It is hard to say exactly because it seems to vary between each model individually. After looking up the averages over the 5,000 KaVo repairs I have done in the past, a good majority is a basic overhaul. This means the handpiece chuck mechanism is long-lasting, and the first thing to fail is the bearings. If you take good care of these with maintenance and lubrication, I have had some repairs last over 2 years. I do more “Clean, Lube, and Adjustment” repairs on KaVo’s than I do other brands, as it seems that they get bogged down over time and need a sprucing up; however, after that certain repair, I have had some last over a year without needing any extra repairs! These handpieces love to run, and they will until the very end!
As noted previously, there are tons of different models and if I were to do a breakdown of them all, it would take up way too much space! With that being said, I will list the most common models that I see, which is likely very close to any other model out there. If you would like help referencing models to see what is similar, feel free to reach out anytime.
|Mira Lux 635B||BELLAtorque/CONTACTair||MASTERtorque Mini||SMARTtorque S609C|
|Head Size (Diameter):||12mm||12mm||12.1mm||14.5mm|
|Operating Air Pressure:||40 psi||33 psi||40 psi||40 psi|
|Speed:||385,000 rpm||401,000 rpm||350,000 rpm||353,000 rpm|
- Plethora of Models to fit your specific needs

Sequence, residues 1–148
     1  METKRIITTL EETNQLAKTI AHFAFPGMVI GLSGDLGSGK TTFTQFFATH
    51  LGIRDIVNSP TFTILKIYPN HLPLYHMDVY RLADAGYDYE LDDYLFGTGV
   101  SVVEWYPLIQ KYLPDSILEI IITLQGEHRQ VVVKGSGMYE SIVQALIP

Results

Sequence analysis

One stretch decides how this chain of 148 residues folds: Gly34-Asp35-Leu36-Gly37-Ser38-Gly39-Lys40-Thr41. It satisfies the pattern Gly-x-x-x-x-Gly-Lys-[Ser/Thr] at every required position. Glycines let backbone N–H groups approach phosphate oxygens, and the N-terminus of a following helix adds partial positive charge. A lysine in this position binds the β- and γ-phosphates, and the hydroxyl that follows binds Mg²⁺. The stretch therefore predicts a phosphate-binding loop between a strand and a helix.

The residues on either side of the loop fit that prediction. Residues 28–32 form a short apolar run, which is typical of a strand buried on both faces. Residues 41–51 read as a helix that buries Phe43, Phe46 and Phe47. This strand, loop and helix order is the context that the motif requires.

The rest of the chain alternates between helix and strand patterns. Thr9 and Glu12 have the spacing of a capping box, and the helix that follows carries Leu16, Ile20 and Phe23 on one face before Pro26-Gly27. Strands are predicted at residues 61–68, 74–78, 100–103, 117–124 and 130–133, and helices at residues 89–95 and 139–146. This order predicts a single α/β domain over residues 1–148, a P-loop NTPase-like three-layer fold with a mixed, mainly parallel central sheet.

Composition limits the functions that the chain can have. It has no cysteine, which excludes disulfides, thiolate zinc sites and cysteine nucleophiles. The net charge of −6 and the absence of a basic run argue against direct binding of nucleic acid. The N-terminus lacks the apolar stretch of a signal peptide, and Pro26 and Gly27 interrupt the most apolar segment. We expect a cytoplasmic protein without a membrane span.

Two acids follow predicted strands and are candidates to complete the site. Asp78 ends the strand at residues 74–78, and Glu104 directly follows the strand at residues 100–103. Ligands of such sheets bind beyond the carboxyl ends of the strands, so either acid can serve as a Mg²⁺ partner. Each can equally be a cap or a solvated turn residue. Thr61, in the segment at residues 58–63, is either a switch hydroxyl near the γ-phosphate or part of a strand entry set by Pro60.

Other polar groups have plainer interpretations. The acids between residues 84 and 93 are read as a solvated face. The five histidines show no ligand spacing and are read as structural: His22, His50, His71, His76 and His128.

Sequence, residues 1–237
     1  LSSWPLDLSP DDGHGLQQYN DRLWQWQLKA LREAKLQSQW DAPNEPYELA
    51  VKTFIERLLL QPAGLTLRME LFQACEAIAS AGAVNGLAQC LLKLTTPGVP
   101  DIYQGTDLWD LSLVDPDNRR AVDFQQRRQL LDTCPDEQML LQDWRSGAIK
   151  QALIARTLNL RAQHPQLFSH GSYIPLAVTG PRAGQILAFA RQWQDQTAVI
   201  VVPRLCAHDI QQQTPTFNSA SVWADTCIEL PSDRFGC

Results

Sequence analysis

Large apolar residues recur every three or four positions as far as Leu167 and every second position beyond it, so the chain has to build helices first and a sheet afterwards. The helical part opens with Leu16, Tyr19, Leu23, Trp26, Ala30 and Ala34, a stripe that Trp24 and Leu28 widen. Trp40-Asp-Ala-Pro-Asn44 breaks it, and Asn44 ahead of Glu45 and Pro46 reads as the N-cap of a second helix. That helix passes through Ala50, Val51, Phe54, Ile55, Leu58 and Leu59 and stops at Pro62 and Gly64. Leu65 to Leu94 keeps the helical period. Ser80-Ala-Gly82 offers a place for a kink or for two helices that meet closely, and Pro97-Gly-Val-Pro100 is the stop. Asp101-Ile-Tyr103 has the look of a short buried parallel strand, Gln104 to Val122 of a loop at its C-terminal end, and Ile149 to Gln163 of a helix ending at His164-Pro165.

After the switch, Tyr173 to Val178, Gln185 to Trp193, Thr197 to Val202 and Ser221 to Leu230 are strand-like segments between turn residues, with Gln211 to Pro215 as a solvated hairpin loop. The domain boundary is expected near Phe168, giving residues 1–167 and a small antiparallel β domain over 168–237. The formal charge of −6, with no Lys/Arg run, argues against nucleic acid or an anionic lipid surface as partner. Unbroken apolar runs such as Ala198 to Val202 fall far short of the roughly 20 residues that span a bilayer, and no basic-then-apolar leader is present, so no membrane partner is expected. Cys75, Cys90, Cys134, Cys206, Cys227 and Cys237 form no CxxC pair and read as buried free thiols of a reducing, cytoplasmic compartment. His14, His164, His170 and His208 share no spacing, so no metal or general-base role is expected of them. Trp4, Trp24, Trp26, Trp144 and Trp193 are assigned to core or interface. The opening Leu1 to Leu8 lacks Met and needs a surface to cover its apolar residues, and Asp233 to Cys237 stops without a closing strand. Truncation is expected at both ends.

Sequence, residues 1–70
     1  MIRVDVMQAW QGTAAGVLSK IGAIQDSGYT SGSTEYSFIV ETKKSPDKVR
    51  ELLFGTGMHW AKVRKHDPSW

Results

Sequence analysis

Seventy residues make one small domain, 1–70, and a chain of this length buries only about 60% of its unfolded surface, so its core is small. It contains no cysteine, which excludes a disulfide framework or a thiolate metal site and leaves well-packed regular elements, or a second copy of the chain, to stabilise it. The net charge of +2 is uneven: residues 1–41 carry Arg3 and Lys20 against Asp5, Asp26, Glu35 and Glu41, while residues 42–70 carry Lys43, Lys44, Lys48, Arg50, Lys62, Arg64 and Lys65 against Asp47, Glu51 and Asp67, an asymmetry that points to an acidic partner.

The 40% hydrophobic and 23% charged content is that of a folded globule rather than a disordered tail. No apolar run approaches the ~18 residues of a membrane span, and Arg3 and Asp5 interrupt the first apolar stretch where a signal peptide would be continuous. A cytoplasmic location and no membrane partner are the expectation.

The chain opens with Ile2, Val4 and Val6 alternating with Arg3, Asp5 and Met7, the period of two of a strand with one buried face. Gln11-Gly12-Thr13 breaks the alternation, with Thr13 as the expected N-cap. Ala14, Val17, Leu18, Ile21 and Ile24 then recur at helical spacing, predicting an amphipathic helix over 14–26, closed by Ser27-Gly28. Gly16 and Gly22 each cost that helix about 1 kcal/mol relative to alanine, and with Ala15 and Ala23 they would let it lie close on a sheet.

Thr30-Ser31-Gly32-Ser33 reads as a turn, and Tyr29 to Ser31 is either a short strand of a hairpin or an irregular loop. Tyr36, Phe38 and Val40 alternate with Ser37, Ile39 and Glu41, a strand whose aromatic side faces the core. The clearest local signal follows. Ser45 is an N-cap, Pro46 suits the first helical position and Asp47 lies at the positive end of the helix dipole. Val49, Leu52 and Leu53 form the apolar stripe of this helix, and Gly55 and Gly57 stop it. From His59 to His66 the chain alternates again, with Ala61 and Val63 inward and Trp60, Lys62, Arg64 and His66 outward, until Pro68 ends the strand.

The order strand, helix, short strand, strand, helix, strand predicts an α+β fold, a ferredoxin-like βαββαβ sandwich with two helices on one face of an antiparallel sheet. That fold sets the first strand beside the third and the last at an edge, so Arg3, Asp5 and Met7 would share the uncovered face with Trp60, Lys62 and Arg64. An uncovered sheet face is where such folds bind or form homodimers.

- Most common repair isn’t a full turbine replacement
- Long Lasting Handpieces
- Some of the repairs are just Adjustments/cleanings needed over time
- Different models are very similar to one another and may be confusing to find exactly what you are looking for
- I have heard several complaints of “Lack of Torque” in some models
- Outer shell gets beat up over time
I am not going to lie, the older Lares handpieces were junk (in my humble opinion). It seems like they broke easily, were a pain to maintain, and had nothing but constant problems. Now I do have to say, the more recent models have really changed my mind. They seemed to resolve some of the past common issues, and have created a much more reliable handpiece that has definitely been a joy to repair. It seemed like when they first came out, they wanted to make the lightest handpiece possible, and they seemed to do that. The 557 handpiece was very light! However, it had constant issues with bearings freezing up, the impeller skipping in the head, noise, and burs slipping out; not to mention, it had some pretty noticeable shell corrosion problems. The recent models are now using a different material on the outside that can withstand much more abuse without showing signs of wear. Lares uses a removable and replaceable chuck system that allows you to replace the chuck without having to replace the whole entire turbine. This is nice when it comes to saving a bit of money, but it seems that the money you save, you give up on the longevity of the chuck. The bearings in the handpieces are warrantied and usually last twice as long as the chuck itself. Overall, I am glad they have turned around and changed some things from their older models and created a much more reliable handpiece.